Zygon: Journal of Religion & Science
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Zygon: Journal of Religion and Science
40 (1), March 2005

Table of Contents


Forty Years: Hope in the Midst of Contradiction by Philip Hefner

Thirty-nine years ago, persons of insight and courage sent the first issue of this journal on its way into the world. They were sensitive to the challenges of the social and cultural situation in which they lived, and they formulated a vision within that situation that pointed the journal toward the future. Even though so much has changed in the forty years since they launched their project that we might say today we live in a different world, the fundamental challenges and the mission remain—urgently demanding our attention.
DOI: 10.1111/j.1467-9744.2005.00637.x

Fortieth Anniversary Symposium: Science, Religion, and Secularity in a Technological Society

Athens, Jerusalem, and the Arrival of Techno-secularism by John C. Caiazza

Western civilization historically has tried to balance secular knowledge with revealed religion. Science is the modern world’s version of secular knowledge and resists the kind of integration achieved by Augustine and Aquinas. Managing the conflict between religion and evolution by containing them in separate “frames,” as Stephen J. Gould suggested, does not resolve the issue. Science may have displaced religion from the public square, but the traditional science-religion conflict has become threadbare in intellectual terms. Scientific theories have become increasingly abstract, and science has been attacked from the left as a source of objective knowledge. However, technology, not science, has displaced religious belief, a phenomenon I call techno-secularism. Robert Coles’s suggestion that secularism is a form of doubt inevitably attached to religious belief, and William James’s reduction of religious experiences to psychological states, evaluating them according to their “cash value,” are unhelpful. Technology enables us to remake our environment according to our wishes and has become a kind of magic that replaces not just revealed religion but also theoretical science. Techno-secularism has an ethical vision that focuses on healthful living, self-fulfillment, and avoiding the struggles of human life and the inevitability of death.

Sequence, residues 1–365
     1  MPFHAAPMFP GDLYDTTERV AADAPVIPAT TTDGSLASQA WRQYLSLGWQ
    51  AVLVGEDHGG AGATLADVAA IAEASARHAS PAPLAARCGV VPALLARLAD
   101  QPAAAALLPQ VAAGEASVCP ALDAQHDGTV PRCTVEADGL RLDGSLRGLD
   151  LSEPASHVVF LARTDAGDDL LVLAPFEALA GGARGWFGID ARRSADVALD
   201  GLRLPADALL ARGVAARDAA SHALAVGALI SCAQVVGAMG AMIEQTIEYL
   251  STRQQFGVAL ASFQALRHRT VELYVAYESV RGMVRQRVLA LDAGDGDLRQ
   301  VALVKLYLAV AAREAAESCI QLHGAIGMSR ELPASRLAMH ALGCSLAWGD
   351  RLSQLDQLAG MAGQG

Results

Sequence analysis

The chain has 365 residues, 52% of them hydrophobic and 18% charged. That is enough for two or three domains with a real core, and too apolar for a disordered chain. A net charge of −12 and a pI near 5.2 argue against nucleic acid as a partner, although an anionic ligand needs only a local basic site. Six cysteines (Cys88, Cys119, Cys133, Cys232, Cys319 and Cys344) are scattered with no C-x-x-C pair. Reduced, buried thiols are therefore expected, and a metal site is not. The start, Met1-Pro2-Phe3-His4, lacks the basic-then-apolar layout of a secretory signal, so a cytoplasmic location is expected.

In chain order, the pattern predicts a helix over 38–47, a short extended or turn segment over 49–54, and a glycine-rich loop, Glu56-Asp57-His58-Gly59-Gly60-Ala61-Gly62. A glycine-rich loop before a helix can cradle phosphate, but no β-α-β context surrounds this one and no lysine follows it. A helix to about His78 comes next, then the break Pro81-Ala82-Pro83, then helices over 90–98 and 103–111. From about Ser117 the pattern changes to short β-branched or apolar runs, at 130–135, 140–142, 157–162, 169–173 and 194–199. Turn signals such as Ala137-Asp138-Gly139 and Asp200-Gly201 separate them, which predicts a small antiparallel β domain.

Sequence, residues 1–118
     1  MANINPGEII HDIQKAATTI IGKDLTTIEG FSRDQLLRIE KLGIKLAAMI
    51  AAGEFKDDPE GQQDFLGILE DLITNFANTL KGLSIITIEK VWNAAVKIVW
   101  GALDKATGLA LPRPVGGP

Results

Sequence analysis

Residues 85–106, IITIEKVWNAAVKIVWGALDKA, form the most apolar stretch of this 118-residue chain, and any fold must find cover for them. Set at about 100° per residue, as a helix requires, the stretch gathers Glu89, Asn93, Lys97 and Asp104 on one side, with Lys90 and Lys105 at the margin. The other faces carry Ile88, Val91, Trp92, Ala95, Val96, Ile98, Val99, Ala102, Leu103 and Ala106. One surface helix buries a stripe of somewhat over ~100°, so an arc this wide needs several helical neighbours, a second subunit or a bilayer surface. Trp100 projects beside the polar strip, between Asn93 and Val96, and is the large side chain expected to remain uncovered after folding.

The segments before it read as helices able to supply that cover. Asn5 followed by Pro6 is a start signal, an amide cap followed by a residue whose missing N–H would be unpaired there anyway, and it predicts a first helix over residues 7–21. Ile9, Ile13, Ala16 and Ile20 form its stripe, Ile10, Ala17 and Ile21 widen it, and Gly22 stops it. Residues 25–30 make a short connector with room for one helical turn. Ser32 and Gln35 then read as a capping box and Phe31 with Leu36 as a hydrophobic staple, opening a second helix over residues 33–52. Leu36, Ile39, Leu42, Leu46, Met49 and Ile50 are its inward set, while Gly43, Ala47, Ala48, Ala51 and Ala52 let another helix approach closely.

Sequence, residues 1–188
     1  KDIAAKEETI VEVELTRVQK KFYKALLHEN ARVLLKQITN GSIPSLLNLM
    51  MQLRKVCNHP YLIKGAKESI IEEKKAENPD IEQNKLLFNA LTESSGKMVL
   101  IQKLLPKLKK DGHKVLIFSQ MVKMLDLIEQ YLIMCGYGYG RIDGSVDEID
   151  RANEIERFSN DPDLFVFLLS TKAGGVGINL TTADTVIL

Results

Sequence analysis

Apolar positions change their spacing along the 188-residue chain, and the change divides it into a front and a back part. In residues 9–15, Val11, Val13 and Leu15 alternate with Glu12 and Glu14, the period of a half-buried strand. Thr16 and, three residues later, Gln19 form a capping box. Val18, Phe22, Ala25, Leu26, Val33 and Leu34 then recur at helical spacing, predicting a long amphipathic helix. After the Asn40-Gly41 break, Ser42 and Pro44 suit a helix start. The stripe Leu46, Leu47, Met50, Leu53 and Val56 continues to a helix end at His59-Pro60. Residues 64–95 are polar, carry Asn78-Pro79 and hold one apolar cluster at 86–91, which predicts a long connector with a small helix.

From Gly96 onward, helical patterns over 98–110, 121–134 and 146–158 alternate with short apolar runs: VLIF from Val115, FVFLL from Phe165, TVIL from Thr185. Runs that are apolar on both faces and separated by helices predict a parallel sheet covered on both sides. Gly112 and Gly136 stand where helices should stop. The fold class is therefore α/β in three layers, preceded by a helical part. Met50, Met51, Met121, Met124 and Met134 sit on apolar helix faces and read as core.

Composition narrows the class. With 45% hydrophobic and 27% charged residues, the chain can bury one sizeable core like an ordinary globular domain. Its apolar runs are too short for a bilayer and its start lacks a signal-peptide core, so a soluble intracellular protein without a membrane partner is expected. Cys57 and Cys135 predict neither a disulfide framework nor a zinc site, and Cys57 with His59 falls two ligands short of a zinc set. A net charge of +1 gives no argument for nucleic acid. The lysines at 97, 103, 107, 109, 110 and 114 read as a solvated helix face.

evolution and religion • Stephen J. Gould • psychology and religion • religion • science • science and religion • secularism • technology • techno-secularism
John C. Caiazza is adjunct professor of philosophy at Rivier College, Nashua, NH 03060; e-mail: jcaiazza @ Rivier.edu.
DOI: 10.1111/j.1467-9744.2005.00638.x

The Religion-Science Discussion at Forty Years: “Reports of My Death Are Premature” by Philip Clayton

The startling success of the religion-science discussion in recent years calls for reflection. Have old walls been broken down, old antagonisms overcome? Have science and religion finally been reconciled? Or is all the activity just so much sound and fury, signifying nothing? Postmodern equations of scientific and religious beliefs disregard a number of enduring differences that help make sense of the continuing tensions. Yet the skepticism of authors such as John Caiazza is also ungrounded. I describe five major types of approaches that are being employed in the recent literature. These methods have led to a deeper understanding of the commonalities between science and religion and have produced new productive partnerships between them.
John Caiazza • ethics and values • phenomenology of science and religion • postmodernism • religion-science debate • research programs • science and metaphysics • sociology of science • spirituality • theory of knowledge
Philip Clayton is Professor of Philosophy and Religion at Claremont Graduate University and Ingraham Professor at the Claremont School of Theology, 1325 N. College Avenue, Claremont, CA 91711.
DOI: 10.1111/j.1467-9744.2005.00639.x

Rethinking the Past and Anticipating the Future of Religion and Science by Hava Tirosh-Samuelson

John Caiazza presents the current technoculture as the latest development in the ongoing conflict of science and religion that began with Tertullian in the third century. I argue that his presentation is historically inaccurate, because for most of Western history science and religion interacted with and cross-fertilized each other. Contrary to Caiazza’s misleading presentation, Western thought did not follow the dichotomous model polemically posed by Tertullian. I take issue with Caiazza’s portrayal of postmodernism and his claim that technology is the foundation of an inherently secularist culture. I conclude by highlighting certain ethical challenges engendered by the prevalence of new technologies and present the dialogue of science and religion as uniquely qualified to address these challenges.
Thomas Aquinas • church fathers • double-truth theory • feminism • paideia • pictorialism • postmodernism • Leo Strauss • Tertullian • University of Paris
Hava Tirosh-Samuelson is a professor of history at Arizona State University, P.O. Box 874302, Tempe, AZ 85287-4302; e-mail: hava.samuelson @ asu.edu.
DOI: 10.1111/j.1467-9744.2005.00640.x

The Continuing Interaction of Science and Religion by John Polkinghorne